The horrific bombing attack on the Boston Marathon this past week left us a whole set of painful questions. These are questions that, at least right now anyway, don’t have easy or satisfying answers. We don’t really know who the Tsarnaev brothers were. We don’t know why they placed bombs at the finish line of the marathon. No one knows why they decided to bring death and suffering to so many people.
I feel compelled to say this because of a rumor campaign that began almost as soon as the suspects were identified. Some people began to murmur about the brothers’ origins and alleged religious beliefs, and they implied that maybe we ought to adjust our laws and our way of looking at the world. Insinuations like these are to be expected in the wake of an event such as this, but what made them especially troubling is that many of them came from some of the most influential institutions in our society.
Iowa Senator Chuck Grassley, a Republican, argued that the attack highlights the “gaps and loopholes” in the United States’ immigration system. Though both brothers were in the country legally, and though the younger one had recently received naturalized citizenship, their origin in the violent and troubled Russian Republic of Chechnya drew the interest of some lawmakers, who claimed that we might want to reconsider our criteria for allowing individuals to immigrate. Liberal comedian and political commentator Bill Maher lost no time highlighting the alleged faith of the two brothers. As soon as evidence surfaced that they were Muslim, Maher took a moment on his show to state that this was the latest piece of evidence that there is something about Islam that makes its adherents prone to acts of violence.
These comments focus on different facets of this tragedy, but they share the same despicable worldview. In essence, they contend that we can judge a whole nationality and an entire religious tradition by the actions of two individuals. What makes this type of thinking so destructive is that it implies that we can trace the motivation for what they did to their religion and to their ethnicity. Suddenly these two troubled, hateful individuals cease to be human beings with a unique set of motivations. Instead, they become thoughtless cogs in the machinations of their faith or their nationality.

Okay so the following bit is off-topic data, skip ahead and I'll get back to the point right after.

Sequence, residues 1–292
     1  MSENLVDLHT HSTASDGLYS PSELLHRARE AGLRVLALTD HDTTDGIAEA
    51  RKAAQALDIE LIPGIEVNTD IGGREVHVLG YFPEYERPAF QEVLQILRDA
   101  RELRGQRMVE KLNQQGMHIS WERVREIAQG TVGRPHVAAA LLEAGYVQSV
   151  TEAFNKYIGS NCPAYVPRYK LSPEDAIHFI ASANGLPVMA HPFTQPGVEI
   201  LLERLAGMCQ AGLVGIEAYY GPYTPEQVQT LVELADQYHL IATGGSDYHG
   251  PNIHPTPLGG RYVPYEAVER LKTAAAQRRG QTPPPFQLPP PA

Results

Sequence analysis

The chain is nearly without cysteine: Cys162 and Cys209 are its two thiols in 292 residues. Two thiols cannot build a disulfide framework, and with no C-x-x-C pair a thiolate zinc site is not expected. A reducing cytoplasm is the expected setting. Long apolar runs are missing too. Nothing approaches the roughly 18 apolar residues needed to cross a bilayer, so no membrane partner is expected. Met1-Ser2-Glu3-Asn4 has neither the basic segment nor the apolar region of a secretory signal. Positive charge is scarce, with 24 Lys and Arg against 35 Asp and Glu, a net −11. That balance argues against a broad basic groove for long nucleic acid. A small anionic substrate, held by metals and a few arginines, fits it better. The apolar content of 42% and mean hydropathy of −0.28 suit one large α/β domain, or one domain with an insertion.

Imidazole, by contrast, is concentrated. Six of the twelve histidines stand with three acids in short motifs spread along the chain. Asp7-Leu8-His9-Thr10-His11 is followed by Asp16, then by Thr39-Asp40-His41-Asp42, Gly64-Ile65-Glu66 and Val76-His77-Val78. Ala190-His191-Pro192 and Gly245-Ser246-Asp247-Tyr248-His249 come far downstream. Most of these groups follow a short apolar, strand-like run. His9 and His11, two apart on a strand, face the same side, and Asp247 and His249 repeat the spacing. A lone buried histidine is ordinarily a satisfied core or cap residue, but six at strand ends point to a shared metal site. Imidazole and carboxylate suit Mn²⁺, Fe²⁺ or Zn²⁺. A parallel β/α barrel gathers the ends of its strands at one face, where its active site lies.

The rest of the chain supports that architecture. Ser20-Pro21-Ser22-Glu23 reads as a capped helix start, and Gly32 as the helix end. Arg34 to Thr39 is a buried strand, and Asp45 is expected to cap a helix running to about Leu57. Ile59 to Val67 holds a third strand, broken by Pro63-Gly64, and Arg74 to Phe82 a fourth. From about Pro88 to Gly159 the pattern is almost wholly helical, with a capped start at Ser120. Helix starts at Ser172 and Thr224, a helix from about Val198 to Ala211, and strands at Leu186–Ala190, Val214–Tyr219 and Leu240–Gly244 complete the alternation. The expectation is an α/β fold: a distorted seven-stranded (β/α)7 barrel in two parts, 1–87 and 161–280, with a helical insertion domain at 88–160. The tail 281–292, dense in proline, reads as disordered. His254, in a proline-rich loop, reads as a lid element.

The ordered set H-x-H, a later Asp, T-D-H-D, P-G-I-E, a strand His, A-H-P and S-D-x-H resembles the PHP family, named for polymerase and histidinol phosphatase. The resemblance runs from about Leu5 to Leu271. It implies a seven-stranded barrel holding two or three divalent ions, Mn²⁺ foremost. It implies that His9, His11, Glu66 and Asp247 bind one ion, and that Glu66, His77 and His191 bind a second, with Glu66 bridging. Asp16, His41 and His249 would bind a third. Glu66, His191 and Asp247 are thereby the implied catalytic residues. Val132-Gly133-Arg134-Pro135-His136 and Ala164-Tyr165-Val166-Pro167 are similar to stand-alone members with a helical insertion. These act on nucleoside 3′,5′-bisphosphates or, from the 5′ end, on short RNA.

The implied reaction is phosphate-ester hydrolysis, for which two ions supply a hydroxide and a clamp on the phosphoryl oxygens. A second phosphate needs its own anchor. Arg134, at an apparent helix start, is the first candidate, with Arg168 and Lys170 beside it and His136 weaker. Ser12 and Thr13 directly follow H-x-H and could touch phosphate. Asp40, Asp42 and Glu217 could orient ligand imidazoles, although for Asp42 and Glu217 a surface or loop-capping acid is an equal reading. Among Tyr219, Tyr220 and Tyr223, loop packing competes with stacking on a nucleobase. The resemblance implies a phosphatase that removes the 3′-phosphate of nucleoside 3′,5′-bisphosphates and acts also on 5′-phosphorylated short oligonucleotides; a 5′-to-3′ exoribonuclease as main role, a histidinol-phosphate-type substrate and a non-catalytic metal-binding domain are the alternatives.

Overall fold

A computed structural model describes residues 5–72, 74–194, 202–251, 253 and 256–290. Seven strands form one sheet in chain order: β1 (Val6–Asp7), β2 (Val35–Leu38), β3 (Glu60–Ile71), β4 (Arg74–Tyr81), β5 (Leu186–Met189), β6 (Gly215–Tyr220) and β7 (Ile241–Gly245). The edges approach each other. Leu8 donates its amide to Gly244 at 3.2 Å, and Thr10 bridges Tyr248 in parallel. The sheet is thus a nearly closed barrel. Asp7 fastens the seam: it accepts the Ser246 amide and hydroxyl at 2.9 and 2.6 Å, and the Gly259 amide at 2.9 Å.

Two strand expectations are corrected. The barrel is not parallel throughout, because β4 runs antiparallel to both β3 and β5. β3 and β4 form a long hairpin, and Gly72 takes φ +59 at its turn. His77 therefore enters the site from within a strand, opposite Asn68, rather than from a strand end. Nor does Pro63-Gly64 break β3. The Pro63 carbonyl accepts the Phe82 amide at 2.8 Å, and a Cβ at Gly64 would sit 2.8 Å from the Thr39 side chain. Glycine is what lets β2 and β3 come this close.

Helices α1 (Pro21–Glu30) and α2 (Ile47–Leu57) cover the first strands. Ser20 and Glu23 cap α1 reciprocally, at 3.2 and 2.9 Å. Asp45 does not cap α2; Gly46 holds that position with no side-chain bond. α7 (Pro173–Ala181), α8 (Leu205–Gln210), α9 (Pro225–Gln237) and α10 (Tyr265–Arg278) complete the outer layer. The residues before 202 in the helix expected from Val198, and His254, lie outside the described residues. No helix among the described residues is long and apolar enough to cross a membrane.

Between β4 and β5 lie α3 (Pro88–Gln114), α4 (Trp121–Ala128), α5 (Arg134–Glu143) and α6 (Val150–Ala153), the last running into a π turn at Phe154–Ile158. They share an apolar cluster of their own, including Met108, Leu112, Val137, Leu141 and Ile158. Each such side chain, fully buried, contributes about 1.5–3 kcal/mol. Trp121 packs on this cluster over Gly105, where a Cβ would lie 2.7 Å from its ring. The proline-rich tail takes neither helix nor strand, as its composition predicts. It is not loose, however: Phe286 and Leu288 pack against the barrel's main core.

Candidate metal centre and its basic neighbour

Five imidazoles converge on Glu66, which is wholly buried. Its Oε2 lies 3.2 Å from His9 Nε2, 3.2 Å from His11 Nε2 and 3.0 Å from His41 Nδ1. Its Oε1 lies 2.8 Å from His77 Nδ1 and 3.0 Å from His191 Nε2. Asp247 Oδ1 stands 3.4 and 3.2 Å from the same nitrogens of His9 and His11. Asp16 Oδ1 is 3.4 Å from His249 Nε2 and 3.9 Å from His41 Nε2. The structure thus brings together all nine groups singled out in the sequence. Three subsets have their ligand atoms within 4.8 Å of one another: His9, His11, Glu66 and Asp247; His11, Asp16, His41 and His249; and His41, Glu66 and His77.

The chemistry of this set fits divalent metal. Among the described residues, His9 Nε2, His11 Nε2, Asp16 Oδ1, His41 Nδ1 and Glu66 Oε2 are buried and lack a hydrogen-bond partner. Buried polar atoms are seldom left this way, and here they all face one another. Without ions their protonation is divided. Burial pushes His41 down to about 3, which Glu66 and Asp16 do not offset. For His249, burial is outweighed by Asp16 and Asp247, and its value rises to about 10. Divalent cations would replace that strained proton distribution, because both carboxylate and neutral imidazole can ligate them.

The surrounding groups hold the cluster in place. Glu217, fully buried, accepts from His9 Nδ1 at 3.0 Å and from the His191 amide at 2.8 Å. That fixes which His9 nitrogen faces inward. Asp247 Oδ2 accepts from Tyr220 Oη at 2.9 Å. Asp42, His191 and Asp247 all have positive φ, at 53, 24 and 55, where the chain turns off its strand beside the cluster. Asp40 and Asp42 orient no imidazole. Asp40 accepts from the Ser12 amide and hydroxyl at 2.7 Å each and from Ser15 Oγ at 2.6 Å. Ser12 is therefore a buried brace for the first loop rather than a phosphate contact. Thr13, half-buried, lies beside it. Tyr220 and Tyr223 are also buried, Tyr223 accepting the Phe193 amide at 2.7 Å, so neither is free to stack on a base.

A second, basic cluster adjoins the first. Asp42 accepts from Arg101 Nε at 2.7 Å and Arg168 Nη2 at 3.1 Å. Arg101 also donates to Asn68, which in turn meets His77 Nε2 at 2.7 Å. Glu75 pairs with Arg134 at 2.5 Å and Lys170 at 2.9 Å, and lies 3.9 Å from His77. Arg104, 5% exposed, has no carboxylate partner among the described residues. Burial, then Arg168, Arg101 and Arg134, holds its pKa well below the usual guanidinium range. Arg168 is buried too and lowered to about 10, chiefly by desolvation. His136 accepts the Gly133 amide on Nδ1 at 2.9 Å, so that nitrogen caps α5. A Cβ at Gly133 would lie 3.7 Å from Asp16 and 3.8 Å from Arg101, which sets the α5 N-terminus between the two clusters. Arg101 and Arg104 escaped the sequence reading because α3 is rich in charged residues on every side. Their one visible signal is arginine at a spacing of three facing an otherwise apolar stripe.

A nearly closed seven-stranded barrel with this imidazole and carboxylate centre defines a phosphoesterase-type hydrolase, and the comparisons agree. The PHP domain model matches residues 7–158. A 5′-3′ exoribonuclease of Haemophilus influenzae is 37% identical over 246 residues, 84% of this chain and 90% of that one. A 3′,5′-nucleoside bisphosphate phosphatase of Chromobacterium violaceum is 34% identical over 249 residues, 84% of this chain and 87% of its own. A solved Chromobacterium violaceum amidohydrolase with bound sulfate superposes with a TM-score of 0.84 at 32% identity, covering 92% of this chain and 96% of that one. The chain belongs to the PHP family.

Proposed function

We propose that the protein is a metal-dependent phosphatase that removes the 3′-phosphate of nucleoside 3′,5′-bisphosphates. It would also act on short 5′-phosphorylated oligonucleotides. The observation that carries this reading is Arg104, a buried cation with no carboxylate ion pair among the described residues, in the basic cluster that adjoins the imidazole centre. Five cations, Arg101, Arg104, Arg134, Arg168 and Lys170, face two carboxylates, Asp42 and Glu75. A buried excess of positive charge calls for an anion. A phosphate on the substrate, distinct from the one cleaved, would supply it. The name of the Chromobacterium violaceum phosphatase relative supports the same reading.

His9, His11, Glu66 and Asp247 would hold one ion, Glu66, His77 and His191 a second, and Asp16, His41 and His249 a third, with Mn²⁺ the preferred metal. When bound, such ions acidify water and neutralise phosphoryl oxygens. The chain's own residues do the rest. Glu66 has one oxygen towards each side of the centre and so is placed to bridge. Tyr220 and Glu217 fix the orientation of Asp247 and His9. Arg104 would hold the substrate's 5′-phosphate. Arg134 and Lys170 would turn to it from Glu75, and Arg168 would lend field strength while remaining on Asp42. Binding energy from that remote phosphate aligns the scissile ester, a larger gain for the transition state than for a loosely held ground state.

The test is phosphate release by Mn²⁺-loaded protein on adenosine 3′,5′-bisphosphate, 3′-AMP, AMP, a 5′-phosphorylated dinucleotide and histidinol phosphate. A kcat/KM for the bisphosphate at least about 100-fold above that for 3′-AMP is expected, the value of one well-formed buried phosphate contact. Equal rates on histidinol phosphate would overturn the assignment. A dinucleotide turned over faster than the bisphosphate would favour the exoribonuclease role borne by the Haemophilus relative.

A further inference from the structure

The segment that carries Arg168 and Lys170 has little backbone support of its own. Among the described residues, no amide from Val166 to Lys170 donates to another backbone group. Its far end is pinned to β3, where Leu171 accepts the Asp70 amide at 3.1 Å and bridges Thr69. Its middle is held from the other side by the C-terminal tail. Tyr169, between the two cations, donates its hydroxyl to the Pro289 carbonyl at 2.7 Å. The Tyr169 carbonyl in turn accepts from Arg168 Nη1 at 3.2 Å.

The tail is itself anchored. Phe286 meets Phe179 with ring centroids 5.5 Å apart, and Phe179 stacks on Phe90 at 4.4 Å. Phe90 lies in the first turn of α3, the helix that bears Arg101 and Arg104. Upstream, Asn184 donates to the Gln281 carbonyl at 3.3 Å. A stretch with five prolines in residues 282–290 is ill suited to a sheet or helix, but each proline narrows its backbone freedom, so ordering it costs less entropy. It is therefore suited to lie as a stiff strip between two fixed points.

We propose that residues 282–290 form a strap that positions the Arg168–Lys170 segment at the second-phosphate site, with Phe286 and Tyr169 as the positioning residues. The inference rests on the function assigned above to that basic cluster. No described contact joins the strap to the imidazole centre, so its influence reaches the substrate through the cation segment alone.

What is most appalling about these insinuations is that their logic is backwards. These two brothers didn’t commit these heinous acts because they were adherents of Islam; they were able to do so only by violating every tenet of a faith that is every bit as peaceful, just, and complex as Judaism or Christianity. Islam is no more responsible for the actions of these two individuals than Judaism is for the racist preaching and terrorist acts of Meir Kahane and his Jewish Defense League. When we attribute the motivation of these actions to something inherent to Islam or the brothers’ place of birth, we commit the double sin of impugning the morality and humanity of millions and detracting from the accountability of these individuals. They made these choices because of the lives they chose to live, not because of the faith or nation into which they were born.
We cannot allow ourselves to begin to presume guilt because of what someone is or where ze is from. These two brothers, if indeed they are guilty, did not commit this heinous act because they were Muslim or from Chechnya. This deed should reflect solely on these two individuals, not on the nameless millions who share the fragile connection of religion or ethnicity. It might be easy to tell to what religion someone adheres, or what hir ethnicity is, but it is far harder to tell what motivates hir life. The sooner we realize that what matters isn’t what someone is, but how ze acts, the sooner we’ll place the responsibility for this tragedy on the shoulders of these two brothers, and not on their faith or ethnicity.